California law provides that if a person elects to submit to a breath test following a DUI arrest in California, that person must be advised that the breath machine does not retain a sample of breath for independent analysis. Further, that if the arrestee wishes, he or she may elect to submit to an additional blood or urine test for future independent testing pursuant to Vehcle Code Section 23614. It has been my experience that very few people take up this option, perhaps because the police often neglect to admonish arrestee's as to their rights. Afterall, as far as the police are concerned, they have the breath test results, why bother advising the arrestee that they may also submit to a urine or blood test?
The question then becomes, so what if the police fail to advise the arrestee that they may submit to a blood or urine test for independent analysis? The language in the Vehicle Code is that the police "shall" advise the arrestee of this right following a breath test. It is mandatory, not permissive language.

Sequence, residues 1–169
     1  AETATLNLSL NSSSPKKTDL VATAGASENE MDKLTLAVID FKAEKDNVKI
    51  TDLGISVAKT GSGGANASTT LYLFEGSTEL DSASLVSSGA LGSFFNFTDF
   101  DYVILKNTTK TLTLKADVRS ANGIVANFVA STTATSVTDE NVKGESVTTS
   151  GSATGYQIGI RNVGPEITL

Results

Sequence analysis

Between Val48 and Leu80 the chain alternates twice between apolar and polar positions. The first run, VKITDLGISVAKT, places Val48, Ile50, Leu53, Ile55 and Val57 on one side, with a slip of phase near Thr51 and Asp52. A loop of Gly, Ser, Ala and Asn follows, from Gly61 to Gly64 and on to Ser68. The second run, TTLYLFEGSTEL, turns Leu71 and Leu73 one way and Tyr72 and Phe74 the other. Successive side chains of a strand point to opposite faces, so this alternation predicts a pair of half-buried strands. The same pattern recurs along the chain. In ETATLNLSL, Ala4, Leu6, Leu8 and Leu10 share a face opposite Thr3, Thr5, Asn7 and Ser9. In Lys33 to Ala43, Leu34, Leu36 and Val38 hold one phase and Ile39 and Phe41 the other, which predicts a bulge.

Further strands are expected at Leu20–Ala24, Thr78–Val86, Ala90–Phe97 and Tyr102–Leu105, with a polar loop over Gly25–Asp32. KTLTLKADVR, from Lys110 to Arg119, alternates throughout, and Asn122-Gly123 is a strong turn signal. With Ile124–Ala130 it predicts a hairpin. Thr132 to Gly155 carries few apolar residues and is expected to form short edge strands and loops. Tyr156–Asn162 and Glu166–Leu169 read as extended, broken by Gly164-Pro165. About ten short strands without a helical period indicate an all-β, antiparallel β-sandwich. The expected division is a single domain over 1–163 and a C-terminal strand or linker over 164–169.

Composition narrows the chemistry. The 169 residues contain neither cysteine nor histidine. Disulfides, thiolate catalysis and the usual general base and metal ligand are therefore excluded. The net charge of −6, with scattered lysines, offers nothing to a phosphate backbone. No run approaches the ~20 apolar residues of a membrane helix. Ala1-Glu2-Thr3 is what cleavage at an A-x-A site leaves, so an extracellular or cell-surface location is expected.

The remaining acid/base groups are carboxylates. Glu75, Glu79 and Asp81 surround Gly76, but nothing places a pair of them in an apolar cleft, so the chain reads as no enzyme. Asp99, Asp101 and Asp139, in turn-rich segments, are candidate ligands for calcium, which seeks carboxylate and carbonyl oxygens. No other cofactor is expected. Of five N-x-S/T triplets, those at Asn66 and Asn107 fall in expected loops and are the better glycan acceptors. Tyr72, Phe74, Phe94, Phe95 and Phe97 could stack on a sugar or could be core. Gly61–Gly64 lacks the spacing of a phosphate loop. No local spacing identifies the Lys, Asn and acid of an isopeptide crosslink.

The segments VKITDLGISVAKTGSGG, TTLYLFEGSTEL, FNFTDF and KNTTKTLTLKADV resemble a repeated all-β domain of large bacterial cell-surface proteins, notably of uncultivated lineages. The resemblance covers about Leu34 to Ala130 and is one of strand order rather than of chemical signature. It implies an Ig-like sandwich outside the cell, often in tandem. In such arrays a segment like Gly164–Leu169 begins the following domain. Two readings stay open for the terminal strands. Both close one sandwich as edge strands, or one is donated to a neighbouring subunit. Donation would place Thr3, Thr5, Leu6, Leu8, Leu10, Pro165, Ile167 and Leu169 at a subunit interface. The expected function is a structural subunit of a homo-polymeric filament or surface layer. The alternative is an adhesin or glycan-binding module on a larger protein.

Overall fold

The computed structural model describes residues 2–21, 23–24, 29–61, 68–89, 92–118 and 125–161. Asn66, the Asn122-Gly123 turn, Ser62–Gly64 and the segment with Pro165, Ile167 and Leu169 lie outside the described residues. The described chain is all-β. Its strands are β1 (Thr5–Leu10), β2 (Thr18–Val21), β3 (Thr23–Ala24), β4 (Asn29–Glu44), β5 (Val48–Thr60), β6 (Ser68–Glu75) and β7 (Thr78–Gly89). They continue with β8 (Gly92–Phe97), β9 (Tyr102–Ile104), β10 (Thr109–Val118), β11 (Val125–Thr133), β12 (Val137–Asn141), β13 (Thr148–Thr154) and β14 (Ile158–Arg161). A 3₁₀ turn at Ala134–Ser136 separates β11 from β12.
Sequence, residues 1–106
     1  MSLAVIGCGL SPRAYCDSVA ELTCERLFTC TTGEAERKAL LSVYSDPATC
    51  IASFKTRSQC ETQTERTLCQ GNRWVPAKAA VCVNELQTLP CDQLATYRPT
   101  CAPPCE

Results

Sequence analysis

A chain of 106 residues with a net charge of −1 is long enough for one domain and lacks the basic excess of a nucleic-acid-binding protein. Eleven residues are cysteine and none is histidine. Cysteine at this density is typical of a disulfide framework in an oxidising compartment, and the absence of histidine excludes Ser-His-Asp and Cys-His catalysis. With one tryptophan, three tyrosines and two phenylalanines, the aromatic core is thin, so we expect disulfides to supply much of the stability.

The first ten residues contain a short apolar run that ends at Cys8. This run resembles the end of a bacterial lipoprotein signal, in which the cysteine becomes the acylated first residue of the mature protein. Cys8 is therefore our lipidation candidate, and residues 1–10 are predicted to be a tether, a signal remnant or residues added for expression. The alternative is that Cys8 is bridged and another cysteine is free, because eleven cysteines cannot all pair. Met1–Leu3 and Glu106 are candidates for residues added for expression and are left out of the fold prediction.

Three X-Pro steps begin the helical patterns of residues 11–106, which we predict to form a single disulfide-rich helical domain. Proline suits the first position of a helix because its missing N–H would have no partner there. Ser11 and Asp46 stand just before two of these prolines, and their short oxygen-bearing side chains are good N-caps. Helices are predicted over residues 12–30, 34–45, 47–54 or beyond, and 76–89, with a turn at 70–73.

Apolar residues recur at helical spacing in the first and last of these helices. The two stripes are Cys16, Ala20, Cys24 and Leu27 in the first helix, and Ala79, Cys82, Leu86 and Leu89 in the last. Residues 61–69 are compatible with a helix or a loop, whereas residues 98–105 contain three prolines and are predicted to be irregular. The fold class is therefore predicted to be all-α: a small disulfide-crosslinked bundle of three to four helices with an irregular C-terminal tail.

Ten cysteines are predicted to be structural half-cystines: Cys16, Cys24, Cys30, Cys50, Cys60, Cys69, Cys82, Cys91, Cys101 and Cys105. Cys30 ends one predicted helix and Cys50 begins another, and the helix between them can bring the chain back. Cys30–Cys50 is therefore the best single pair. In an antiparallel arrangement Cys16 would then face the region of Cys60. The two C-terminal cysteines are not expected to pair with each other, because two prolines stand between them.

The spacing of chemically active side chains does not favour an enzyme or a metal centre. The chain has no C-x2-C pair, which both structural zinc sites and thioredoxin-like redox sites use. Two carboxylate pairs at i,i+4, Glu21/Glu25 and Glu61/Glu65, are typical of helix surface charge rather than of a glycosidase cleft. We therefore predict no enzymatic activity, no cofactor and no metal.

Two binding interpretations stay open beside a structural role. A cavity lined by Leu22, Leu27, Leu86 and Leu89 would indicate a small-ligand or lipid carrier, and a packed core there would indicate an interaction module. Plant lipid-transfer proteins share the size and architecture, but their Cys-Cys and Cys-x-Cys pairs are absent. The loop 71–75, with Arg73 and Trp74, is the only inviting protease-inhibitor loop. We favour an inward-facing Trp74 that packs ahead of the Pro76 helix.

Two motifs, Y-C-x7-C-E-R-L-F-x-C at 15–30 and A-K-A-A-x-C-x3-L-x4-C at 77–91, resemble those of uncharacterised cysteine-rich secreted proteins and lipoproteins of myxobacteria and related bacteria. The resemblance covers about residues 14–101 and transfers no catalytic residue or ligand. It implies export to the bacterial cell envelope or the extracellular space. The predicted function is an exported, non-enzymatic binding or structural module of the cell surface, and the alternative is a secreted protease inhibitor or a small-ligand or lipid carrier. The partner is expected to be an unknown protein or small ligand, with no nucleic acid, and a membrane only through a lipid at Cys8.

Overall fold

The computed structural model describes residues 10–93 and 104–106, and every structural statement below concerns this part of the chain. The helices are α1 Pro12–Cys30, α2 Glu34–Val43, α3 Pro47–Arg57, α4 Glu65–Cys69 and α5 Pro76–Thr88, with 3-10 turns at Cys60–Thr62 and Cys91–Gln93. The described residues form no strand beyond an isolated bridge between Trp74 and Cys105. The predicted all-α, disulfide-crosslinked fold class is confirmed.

It seems that there is very little that a defendant can do about this. It is a right without an effective remedy. California Vehicle Code Section 23614(d) makes it clear that a failure to advise a suspect of the right to an additional test pursuant to this section does not affect the admissibility of the breath test results.
However, at jury trial, if it is established that the arresting officer did not follow the provisions of Vehcle Code Section 23614, it is only fair that the jury be advised of the law and the failure by the police to follow it. A special jury instruction should be crafted by defense counsel for the judge to read to the jury at the conclusion of the trial. The instruction should invite the jury to consider the failure by the police to follow correct procedure and give it whatever weight the jury considers appropriate.